What do we do with the body? This isn’t a line from Dexter. It’s no part of a murder mystery plot. This is a question about us.
We all have bodies. They are the way we are present to each other, the way we show up in the world. But at the same time, we have a sense of some unbodily part of ourselves—a soul, a spirit, something inside and different from our skin.
This article is part of a fall wellness series RELEVANT is producing in partnership with Unite Health Share Ministries.
Faith seems to be something on the spiritual side of things. Many of us have a sense that what’s “on the inside” is what really matters about a person. And whether we accept that or not, we still have this question we have to answer, what do we do with the body?
Do Bodies Matter to Our Spirit?
One answer is the reply I heard in the churches in which I grew up: The body is a shell, a vehicle for your journey on earth until the bus to heaven comes. In this line of thinking, the body is only a temporary skin that will burn with everything else on earth. What really matters, I was taught, is the spirit, the soul, that ephemeral side of the self that is pure and godly.
This view is dangerously close to the heresy of Gnosticism. This belief, popular in the days of early Christianity, claimed that the body and all material reality are evil. For Gnostics, the spiritual is what is good, so the way to gain salvation is to move toward a purely spiritual state. The body is something we must transcend.
Early Christian theologians rejected this view as they defined the borders of orthodox belief. These early brothers and sisters saw in Genesis a creation God called “very good,” a creation that includes physical bodies. While they agreed that the material stuff of the world had been corrupted, they could not agree to say that what God had called good was really the source of all evil.
There was also the key idea of the incarnation. In this belief, God took on a body with real human flesh in the person of Jesus. These early theologians saw this as a work by which Christ was renewing creation, restoring the bodily life through resurrection. Christ’s mission was not to rescue spirits for an ephemeral heaven, but rather to bring resurrection to a created order that had been trapped by the powers of Death. For Christians, the body is not a thing to transcend, but to resurrect.
Embracing God’s Design
So what do we do with the body? We follow Christ into our own incarnation. We must embrace our bodies as a part of the creation Christ came to redeem and restore.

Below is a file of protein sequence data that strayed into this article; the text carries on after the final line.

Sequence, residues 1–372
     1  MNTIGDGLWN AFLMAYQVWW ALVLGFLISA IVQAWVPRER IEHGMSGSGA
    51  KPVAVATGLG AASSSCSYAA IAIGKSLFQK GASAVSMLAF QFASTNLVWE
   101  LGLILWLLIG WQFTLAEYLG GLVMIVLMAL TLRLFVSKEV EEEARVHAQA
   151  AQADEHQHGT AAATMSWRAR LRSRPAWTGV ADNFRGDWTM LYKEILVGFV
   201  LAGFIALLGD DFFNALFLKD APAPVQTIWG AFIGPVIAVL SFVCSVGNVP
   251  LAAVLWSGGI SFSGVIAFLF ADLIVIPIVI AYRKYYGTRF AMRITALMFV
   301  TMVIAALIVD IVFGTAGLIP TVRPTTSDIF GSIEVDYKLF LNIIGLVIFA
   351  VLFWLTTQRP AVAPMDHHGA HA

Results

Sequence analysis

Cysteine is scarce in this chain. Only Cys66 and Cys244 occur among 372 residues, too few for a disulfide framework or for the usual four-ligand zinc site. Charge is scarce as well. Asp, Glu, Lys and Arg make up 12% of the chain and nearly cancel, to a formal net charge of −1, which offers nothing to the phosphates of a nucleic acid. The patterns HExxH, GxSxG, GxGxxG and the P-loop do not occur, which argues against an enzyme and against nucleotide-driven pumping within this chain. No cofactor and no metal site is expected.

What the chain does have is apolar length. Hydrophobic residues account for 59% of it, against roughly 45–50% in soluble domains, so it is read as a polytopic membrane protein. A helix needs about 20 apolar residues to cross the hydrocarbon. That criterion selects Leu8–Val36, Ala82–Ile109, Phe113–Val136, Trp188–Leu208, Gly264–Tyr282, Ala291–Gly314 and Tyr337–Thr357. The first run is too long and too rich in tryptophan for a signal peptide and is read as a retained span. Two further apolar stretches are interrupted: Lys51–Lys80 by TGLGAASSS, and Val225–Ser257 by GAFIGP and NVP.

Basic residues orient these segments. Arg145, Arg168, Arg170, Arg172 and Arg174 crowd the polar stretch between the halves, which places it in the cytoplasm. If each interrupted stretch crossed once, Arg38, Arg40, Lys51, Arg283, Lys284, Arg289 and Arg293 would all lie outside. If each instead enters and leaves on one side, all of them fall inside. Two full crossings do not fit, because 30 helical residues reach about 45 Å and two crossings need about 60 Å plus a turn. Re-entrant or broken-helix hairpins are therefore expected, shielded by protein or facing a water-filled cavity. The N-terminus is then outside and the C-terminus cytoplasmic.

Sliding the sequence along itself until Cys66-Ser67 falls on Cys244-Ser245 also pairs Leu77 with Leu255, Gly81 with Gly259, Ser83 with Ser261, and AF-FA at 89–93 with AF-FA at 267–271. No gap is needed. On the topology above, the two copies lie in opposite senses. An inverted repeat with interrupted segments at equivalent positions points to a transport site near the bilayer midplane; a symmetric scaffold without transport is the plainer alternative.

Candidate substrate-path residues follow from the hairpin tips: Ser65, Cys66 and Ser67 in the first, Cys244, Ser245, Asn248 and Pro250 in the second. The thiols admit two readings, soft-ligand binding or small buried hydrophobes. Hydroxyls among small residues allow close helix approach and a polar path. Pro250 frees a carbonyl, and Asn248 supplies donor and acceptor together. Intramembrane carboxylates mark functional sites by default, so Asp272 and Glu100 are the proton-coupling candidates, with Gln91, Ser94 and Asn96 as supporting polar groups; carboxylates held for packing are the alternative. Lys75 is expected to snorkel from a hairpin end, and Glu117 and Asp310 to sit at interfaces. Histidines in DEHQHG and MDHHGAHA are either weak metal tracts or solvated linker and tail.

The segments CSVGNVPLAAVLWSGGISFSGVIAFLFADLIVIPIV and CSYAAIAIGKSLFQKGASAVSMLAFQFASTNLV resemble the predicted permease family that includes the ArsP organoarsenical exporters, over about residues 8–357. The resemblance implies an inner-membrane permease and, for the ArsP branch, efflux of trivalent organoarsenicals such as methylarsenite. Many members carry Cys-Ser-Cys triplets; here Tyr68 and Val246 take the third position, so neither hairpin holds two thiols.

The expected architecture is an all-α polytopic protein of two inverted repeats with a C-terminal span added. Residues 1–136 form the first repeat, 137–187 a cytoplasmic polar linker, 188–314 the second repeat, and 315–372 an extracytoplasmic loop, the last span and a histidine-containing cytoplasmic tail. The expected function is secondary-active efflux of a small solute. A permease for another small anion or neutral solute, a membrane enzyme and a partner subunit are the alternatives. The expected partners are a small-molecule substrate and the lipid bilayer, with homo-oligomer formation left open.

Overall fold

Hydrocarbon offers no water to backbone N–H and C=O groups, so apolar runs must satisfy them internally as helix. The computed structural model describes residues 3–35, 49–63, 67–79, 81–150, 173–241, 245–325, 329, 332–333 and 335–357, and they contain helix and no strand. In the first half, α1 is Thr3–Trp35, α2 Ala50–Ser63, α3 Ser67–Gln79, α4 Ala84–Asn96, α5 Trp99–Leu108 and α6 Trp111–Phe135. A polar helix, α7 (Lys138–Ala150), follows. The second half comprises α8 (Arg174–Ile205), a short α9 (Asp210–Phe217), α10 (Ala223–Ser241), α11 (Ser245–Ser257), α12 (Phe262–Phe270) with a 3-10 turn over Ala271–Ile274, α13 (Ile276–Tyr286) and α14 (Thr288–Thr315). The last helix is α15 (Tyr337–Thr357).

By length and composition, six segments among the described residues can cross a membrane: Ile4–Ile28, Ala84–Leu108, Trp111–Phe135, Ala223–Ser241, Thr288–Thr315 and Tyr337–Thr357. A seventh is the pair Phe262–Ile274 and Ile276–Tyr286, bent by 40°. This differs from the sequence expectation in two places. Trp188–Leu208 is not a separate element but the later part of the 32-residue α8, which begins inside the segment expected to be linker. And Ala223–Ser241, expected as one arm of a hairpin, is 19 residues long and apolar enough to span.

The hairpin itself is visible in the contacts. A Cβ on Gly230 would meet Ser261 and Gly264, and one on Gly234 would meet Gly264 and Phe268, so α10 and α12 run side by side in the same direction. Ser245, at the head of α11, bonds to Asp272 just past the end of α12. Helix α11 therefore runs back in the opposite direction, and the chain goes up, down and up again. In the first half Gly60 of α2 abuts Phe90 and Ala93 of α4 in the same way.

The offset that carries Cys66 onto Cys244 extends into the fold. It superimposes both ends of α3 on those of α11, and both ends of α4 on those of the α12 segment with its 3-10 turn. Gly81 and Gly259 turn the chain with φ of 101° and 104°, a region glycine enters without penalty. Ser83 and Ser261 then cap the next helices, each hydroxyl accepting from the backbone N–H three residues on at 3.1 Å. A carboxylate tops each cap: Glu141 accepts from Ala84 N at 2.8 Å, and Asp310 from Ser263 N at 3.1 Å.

How do we do this? First we must accept our bodies as gifts from God, gifts whose value has already been given. Whatever the messages echoing from the grocery store magazine rack might claim, all bodies are good bodies, even if some bodies are broken or diseased or not living into their full flourishing.
Like the creation on which these bodies are dependent, Christ’s work is to restore and redeem this brokenness. We must remember, the body’s goodness is its true and everlasting reality; our brokenness is a temporary truth that will not always be so.
As a part of this truth, we must balance the various parts of ourselves—mind, body and spirit—so that we can live into the flourishing of our whole selves. This means that, at times, we must say no to our desires in order to care for the health of our bodies.
For example, there are times when my mind and spirit long to stay up late binge-watching Breaking Bad. My body, on the other hand, longs for the sleep it needs. It is important here to listen to my body.
The same goes in eating food. There are times when I crave food even when my body is telling me it is full or when I long for sugar when I know that won’t fulfill the needs of my body. We must listen to our bodies and our whole selves in balance so that one side doesn’t overwhelm the other.
Understanding the Influence
We should also learn to understand how our bodies influence our spiritual lives and vice versa. For example, I find that it is easier to pray, live into my faith, and care for others when I am well rested. While waking early for a “quiet time” is important, don’t do it at the expense of your sleep. Your prayer life will benefit from an earlier bedtime if you aren’t getting eight hours.
Another way to embrace our incarnation is to become more aware of our bodies. This can be achieved in a number of ways, but some of the best are in exercises like Olympic weightlifting, yoga or running. Each of these forms of exercise, if done properly, forces us to pay close attention to they way we move our bodies. Avoid mindless exercises, especially ones that allow you to watch TV while moving. Distracted exercise helps reinforce the divide between our bodies and spirits by occupying our minds with one thing while our bodies do something else. Stick to exercise that unifies rather than divides.
Finally, we live into our incarnation when we embrace the creation on which we are dependent. This is especially true when it comes to our food. In almost every case, what is best for our bodies is also best for the creation as a whole. This means that we should eat meat only from animals raised on pasture rather than confinement operations, eat vegetables grown on a small scale using organic practices, and buy both, whenever possible, from local farmers.
With these practices, we can begin to embrace the gift of God’s very good creation—our bodies and the Earth. It is time to say yes to the incarnation, especially our own. In this, we join in the hope, not of a heaven by and by in they sky, but in a new creation that is already breaking forth, even in our own flesh.
Ragan Sutterfield is the author of This is My Body: From Obesity to Ironman, My Journey Into the True Meaning of Flesh, Spirit, and Deeper Faith. A native Arkansan sojourning in Northern Virginia, he seeks to live the good life with his wife and two daughters.